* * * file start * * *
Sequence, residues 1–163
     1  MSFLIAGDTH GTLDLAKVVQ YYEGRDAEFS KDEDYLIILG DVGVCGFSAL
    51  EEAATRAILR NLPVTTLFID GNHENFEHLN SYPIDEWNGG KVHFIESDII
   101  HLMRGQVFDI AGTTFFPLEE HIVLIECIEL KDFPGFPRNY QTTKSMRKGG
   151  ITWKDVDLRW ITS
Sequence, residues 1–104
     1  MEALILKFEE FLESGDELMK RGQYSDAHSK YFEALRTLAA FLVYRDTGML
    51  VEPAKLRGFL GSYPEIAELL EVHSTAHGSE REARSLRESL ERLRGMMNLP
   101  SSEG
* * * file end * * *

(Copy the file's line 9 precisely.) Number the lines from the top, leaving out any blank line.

   101  SSEG